48/52 THE DRESSMAKER
A glamorous woman returns to her small town in rural Australia. With her sewing machine and haute couture style, she transforms the women and exacts sweet revenge on those who did her wrong.
Writer/Director Jocelyn Moorhouse was a favorite of mine growing up because she was the force behind How to Make An American Quilt and A Thousand Acres. Then, like so many other women directors, she disappeared from cinema. For 18 years. In her case family obligations took priority when two of her four children were diagnosed with Autism. She devoted all of her time to their therapy and growth.
Now she’s back with a wild fairy-tale western starring the luminous Kate Winslet and a performance by Judy Davis that is one of the funniest I’ve ever seen. The film is sort of all over the place–at times a comedy, at times a revenge thriller, at times a dark drama–but it’s thoroughly entertaining and beautiful to look at. There were moments when I couldn’t stop laughing–that’s how funny and audacious (and Australian) the movie is. I’m so happy to see Moorhouse working again. This film is available on VOD.
47/52 AMERICAN HONEY
We’ve grown up mainly on male stories, and most of the films have been written and directed by men – and that’s only half of the human race. ~ Andrea Arnold
Based on a New York Times article that Arnold read, American Honey centers around the world of magazine crews that employ impoverished youth (who are often homeless, troubled or neglected) to tour around the country selling subscriptions. At just under three hours, it’s a sprawling and critically-praised glimpse into the cracks of Midwestern America most people never see unless you’ve lived there. What’s remarkable is that Arnold is an English filmmaker who seems to understands these places as well as any American.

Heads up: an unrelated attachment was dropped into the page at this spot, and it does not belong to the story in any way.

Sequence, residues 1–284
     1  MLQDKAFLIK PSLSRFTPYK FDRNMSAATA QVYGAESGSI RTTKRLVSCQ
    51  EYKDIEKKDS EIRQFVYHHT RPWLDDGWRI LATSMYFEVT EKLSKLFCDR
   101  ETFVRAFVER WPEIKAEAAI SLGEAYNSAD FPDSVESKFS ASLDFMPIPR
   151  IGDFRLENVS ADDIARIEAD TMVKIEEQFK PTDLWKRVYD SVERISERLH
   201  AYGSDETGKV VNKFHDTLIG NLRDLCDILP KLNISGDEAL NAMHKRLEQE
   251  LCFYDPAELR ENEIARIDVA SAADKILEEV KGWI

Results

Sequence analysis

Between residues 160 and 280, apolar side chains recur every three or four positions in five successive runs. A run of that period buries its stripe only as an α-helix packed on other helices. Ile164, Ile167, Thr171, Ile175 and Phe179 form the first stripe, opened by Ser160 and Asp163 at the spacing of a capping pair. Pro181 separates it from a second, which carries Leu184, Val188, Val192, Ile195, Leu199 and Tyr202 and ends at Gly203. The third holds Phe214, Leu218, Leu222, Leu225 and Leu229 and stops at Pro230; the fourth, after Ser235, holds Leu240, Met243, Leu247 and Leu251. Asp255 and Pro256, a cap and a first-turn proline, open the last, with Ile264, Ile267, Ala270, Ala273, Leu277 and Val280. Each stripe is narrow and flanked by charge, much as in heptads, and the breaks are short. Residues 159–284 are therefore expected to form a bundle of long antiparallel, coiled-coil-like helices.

The film reminds me of a modern New Wave approach. Arnold shoots in an aspect-ratio that appears square on screen because it’s closer to a human portrait. Her film is populated with non-actors, current music, achingly beautiful shots that cut before they become sentimental and a sense of scope that’s achieved while her camera lingers on faces rather than landscapes. It’s harsh and graphic at times, pulling no punches about a world that pulls no punches with these kids.
American Honey won the Jury Prize at Cannes and Arnold’s other films (including Fish Tank) have garnered a slew of awards including BAFTAs and an Oscar for Best Short. She also directs for Transparent. Arnold is one of those groundbreaking filmmakers whose work qualifies as an Event whenever she comes out with something new. This film is available on VOD.
46/52 IT HAD TO BE YOU
I would watch Cristin Milioti read a cereal box. I was so disappointed when her sweet and clever television series, A to Z, got cancelled after one season; she was proving herself to be the perfect romantic comedy heroine, the likes of which we haven’t seen since Meg Ryan or, more recently, Rachel McAdams.
Writer/Director/Composer Sasha Gordon has been feeling the same way about the dearth of smart romantic comedies. She set out to make the kind of movie she wanted to see, based on a real incident from her own life. And this movie is a GEM. It’s genuinely funny all the way through, it has originality, and it’s true to life instead of spinning off into fantasy land. I kept seeing it online and gave it a shot after a very stressful Monday at work; it was a lovely surprise and exactly what I needed.
Gordon is a prolific composer and award-winning short film director. IT HAD TO BE YOU is her first feature and she’s currently writing her second. You can find this film streaming on Amazon.